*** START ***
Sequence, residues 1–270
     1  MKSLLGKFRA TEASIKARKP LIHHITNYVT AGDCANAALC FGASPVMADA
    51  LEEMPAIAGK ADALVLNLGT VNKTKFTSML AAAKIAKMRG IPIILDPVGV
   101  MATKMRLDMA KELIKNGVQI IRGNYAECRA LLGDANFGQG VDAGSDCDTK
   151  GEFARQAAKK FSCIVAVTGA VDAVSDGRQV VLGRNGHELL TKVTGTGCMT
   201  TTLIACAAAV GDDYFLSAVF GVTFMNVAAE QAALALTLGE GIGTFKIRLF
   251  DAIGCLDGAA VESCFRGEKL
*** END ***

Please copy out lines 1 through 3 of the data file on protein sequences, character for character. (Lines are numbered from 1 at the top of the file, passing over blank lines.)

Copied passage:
Sequence, residues 1–270
     1  MKSLLGKFRA TEASIKARKP LIHHITNYVT AGDCANAALC FGASPVMADA
    51  LEEMPAIAGK ADALVLNLGT VNKTKFTSML AAAKIAKMRG IPIILDPVGV